Dr. Cornelius Van Til – The Christian View of Education and Culture
Cornelius Van Til Cornelius Van Til (1895–1987), born in The Netherlands, was a Christian philosopher, Reformed theologian, and presuppositional apologist.
Born on May 3, 1895, in Grootegast, The Netherlands he was the sixth son of Ite and Klazina Van Til, who emigrated to the United States when “Kees,” as he was known to friends, was 10. He grew up helping on the family farm in Highland, Indiana.
Van Til graduated from Calvin College in 1922, receiving a ThM from Princeton Theological Seminary in 1925 and his PhD from Princeton University in 1927. He began teaching at Princeton, but shortly went with the conservative group who founded Westminster Theological Seminary, where he taught for forty-three years of his life as a professor of apologetics.
He was also a minister in the Orthodox Presbyterian Church from the 1930s until his death in 1987, and in that denomination, he was embroiled in a bitter dispute with Gordon Clark over God’s incomprehensibility known as the Clark-Van Til Controversy in which, according to John Frame, neither man was at his best and neither quite understood the other’s position.
Van Til is perhaps best known for the development of a fresh approach to the task of defending the Christian faith. Although trained in traditional methods he drew on the insights of fellow Calvinistic philosophers Vollenhoven and Herman Dooyeweerd to formulate what he viewed as a more consistently Christian methodology. His apologetic focused on the role of presuppositions, the point of contact between believers and unbelievers, and the antithesis between Christian and non-Christian worldviews.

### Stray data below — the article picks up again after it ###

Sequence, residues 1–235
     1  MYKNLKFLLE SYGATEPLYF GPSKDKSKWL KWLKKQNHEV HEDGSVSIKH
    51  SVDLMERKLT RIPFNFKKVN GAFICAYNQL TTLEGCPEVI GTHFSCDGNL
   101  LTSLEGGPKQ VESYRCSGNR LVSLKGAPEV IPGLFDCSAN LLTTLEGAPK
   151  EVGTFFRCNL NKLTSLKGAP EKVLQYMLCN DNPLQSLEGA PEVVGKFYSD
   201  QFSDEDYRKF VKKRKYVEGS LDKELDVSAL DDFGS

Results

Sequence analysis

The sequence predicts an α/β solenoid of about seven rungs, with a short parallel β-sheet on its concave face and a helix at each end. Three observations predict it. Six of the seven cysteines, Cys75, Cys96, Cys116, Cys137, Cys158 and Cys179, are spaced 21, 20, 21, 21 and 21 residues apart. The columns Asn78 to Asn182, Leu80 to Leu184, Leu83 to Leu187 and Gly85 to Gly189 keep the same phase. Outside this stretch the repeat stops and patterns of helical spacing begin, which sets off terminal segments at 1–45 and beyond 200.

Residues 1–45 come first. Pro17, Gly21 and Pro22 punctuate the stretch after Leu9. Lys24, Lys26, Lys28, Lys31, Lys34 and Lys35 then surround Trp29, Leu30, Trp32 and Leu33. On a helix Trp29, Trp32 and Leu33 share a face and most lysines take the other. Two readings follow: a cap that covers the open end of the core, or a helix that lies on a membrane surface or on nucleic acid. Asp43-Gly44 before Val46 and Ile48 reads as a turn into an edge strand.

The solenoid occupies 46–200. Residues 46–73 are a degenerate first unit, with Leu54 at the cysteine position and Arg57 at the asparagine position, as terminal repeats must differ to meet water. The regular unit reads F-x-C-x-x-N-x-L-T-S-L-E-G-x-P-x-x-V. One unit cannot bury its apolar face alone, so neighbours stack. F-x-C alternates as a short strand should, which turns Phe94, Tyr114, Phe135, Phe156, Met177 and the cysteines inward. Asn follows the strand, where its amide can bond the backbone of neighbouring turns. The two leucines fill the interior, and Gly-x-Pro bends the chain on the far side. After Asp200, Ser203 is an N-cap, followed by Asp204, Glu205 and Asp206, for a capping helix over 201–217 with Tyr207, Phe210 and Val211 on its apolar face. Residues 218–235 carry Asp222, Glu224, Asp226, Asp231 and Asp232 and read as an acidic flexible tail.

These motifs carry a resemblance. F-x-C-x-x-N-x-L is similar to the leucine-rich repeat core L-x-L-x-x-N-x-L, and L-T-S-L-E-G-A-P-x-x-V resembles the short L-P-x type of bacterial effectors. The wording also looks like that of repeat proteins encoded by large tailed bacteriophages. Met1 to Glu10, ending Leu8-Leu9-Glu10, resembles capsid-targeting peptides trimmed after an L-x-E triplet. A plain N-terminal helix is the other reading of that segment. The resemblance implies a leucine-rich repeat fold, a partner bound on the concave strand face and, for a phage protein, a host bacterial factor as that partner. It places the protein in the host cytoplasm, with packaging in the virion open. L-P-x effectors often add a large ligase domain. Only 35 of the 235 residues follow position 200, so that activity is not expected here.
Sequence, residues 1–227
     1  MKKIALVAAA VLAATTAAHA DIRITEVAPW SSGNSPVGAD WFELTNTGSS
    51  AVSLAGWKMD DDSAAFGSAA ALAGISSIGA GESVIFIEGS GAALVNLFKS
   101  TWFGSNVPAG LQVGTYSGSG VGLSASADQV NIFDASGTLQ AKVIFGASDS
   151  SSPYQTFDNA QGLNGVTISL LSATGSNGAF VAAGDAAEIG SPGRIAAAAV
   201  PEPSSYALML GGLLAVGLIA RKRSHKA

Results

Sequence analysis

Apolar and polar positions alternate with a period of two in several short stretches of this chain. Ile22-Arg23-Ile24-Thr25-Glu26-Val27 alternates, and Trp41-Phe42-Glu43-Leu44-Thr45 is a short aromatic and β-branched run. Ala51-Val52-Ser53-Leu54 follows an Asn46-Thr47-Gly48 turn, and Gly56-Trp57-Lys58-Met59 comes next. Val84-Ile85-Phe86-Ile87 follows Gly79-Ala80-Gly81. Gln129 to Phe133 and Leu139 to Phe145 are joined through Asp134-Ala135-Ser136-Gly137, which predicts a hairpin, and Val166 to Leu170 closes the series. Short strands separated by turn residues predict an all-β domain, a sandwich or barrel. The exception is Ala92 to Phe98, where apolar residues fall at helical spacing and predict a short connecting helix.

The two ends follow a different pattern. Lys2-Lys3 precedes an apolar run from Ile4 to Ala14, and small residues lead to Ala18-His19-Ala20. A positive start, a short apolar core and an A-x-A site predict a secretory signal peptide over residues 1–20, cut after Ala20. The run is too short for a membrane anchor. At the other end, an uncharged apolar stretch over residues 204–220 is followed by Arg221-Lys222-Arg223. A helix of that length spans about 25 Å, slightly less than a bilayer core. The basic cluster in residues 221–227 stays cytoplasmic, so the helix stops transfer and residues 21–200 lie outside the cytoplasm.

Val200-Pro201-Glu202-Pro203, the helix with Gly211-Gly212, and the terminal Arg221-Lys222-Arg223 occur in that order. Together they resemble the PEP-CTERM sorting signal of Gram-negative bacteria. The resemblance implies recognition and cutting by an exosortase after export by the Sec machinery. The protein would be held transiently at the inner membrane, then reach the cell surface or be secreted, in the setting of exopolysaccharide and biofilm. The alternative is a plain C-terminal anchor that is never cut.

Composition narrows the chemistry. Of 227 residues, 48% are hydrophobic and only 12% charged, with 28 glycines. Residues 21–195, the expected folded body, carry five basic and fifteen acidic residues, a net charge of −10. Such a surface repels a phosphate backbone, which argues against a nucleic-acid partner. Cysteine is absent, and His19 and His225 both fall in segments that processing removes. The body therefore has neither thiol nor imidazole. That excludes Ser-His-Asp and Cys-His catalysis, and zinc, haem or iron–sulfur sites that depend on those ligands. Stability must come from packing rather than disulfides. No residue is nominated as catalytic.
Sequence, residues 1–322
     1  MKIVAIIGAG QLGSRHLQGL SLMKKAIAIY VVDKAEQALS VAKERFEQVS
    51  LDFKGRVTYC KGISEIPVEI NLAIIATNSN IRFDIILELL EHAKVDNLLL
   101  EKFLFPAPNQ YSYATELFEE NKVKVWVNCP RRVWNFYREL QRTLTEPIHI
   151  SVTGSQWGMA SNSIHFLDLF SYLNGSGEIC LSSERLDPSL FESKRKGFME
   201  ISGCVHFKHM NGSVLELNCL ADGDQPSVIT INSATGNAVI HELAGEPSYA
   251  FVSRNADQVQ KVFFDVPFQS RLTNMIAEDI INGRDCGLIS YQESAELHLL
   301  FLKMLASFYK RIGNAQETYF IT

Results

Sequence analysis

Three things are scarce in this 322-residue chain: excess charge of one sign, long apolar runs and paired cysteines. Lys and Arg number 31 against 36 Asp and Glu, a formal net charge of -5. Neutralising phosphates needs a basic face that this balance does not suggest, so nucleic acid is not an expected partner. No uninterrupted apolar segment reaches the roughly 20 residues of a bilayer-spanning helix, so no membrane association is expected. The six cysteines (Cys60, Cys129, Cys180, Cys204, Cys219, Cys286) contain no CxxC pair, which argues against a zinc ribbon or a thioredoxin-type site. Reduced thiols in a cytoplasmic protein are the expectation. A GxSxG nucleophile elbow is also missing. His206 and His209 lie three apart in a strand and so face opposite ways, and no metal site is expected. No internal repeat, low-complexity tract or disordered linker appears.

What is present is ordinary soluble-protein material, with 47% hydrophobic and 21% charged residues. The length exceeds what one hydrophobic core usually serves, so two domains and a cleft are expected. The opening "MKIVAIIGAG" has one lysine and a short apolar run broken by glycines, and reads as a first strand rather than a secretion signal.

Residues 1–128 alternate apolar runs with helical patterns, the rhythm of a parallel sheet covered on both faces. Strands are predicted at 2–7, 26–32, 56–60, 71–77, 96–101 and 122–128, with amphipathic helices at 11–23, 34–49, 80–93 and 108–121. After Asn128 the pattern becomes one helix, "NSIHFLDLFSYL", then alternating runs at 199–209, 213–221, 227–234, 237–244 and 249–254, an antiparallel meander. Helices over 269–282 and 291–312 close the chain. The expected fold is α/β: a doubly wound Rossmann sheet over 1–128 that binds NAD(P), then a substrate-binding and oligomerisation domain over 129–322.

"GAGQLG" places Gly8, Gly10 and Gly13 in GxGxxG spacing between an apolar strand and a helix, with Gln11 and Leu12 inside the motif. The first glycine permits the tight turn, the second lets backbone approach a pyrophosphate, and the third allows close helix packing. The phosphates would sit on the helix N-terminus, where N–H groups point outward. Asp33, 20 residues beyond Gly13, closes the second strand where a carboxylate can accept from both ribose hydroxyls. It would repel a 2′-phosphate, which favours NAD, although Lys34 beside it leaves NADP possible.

He didn’t particularly care for the label describing his approach as “presuppositional,” which more accurately represents the apologetical method of Gordon Clark, but he (and his students) accepted it as a matter of convention because it is at least useful in grouping methods into those which deny neutrality and those which do not.
In Van Til: The Theologian, Frame, a sympathetic critic of Van Til, describes Van Til’s contributions to Christian thought as comparable in magnitude to those of Immanuel Kant in non-Christian philosophy. He indicates that Van Til identified the disciplines of systematic theology and apologetics, seeing the former as a positive statement of the Christian faith and the latter as a defense of that statement — “a difference in emphasis rather than of subject matter.” Frame summarizes Van Til’s legacy as one of new applications of traditional doctrines:
Unoriginal as his doctrinal formulations may be, his use of those formulations — his application of them — is often quite remarkable. The sovereignty of God becomes an epistemological, as well as a religious and metaphysical principle. The Trinity becomes the answer to the philosophical problem of the one and the many. Common grace becomes the key to a Christian philosophy of history. These new applications of familiar doctrines inevitably increase [Christians’] understanding of the doctrines themselves, for [they] come thereby to a new appreciation of what these doctrines demand of [them].